• A written declaration of compliance by the firm’s representative with the Code of Ethics applicable to his or her profession;

• A brief description of the firm and the education and professional qualifications of its representative who conducted the valuation; and

• The Fairness Opinion Report shall be signed by the firm’s representative of a rank not lower than a partner or a Vice-President or their equivalent respectively. He shall indicate his complete name, Professional License Number, Tax Identification Number, firm name and address, the PSE Accreditation Number of the firm (if any) and other technical information.

These requirements are laid out to ensure the proper and accurate valuation of securities offered to the public, for the protection of investors.

EXPANDED SHELF REGISTRATION
Shelf registration or shelf offering is a type of registration that allows companies to raise capital without undergoing a separate registration for each act of offering. The single registration is recognized as sufficient for future public offerings of the security.

Under the 2003 IRR, shelf registration required the filing of an updated registration statement for each subsequent offering. Essentially, this meant going through the same processing time and submission of requirements for every offering. Now, under the new rules, securities which are intended to be issued in subsequent tranches after the registration statement has been rendered effective by the SEC, may be registered for an offering to be made on a continuous or delayed basis in the future, for a period not exceeding three years from the effective date of the registration statement under which they are being offered and sold. This allows companies to immediately make an offering if market conditions are favorable, without having to file an updated registration statement each time. However, disclosure of any subsequent sale at least seven business days before the sale of each subsequent tranche is required.

NEW DEFINITION OF COMMERCIAL PAPER
The 2003 IRR distinguished between short-term and long-term commercial papers, but the new rules do not. A commercial paper is merely defined as evidence of indebtedness of any person with a maturity of 365 days or less. Under the new rules, selling a commercial paper is also made easier with the requirement of an issuer rating instead of a separate rating for each issuance, thus allowing issuers more leeway in raising capital.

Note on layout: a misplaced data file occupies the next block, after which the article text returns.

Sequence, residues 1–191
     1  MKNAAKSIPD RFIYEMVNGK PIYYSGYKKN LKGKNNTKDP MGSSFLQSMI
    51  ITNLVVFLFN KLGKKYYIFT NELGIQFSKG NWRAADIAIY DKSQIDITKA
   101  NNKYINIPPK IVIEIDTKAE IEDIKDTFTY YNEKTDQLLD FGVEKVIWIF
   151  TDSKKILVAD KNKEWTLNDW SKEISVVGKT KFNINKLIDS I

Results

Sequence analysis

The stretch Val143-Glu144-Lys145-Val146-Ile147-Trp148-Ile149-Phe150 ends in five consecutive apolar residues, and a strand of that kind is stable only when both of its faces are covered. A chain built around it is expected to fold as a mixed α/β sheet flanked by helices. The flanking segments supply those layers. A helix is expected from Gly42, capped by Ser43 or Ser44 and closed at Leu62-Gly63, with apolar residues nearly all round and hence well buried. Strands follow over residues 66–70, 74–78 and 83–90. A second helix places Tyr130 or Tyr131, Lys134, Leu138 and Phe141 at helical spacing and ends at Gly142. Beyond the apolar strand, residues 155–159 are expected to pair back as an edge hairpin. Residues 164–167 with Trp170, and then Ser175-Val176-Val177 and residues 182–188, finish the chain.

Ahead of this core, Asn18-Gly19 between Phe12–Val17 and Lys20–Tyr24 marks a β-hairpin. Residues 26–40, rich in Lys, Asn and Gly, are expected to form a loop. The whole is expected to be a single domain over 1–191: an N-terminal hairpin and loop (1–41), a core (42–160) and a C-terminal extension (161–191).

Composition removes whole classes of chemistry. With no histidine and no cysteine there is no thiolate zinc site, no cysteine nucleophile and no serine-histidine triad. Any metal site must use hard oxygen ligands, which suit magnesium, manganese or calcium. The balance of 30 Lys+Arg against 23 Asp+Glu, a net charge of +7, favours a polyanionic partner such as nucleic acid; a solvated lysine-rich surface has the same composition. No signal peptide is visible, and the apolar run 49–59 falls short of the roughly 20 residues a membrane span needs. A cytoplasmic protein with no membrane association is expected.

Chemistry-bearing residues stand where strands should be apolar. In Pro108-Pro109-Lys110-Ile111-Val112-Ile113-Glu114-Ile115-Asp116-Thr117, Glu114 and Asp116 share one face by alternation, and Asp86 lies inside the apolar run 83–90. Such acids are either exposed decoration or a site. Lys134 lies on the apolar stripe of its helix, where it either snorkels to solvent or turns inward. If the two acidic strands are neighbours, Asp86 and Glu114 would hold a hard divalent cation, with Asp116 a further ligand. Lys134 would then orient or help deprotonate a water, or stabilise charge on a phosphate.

EXEMPT SECURITY
While the list of exempt securities under the 2003 IRR was retained in the new rules, a new category has been added. The new category includes any security issued or guaranteed by multilateral financial entities established through a treaty or any other binding agreement to which the Philippines is a party or subsequently becomes a member. The issuer is referred to as Multilateral Financial Entities (“MFE”), and the exempt papers include securities of international financial institutions, multilateral development banks, development finance institutions or any other similar entities; or by facilities or funds established, administered, and supported by MFEs. To qualify as an exempt security, the issuer is required to file an offering circular/memorandum in a format prescribed by the SEC and containing among others; (1) information about the issuer and the security to be issued, (2) information about the MFE, and (3) information about the guarantee.

It is evident from this addition to the list of exempt securities that the SEC may add to the list of exempt securities through the issuance of rules or regulation, after public hearing, as has been done in this instance.

In next week’s article, we will continue to discuss the significant changes to the IRR for the SRC, including additions to exempt transactions, qualified buyers, underwriting, and the period within which to sell securities.

This article is for general information only and is not a substitute for professional advice where the facts and circumstances warrant. The views and opinion expressed above are those of the author and do not necessarily represent the views of SGV & Co.

Ma. Luz Victoria A. Ballesteros is a Tax Senior Director of SGV & Co.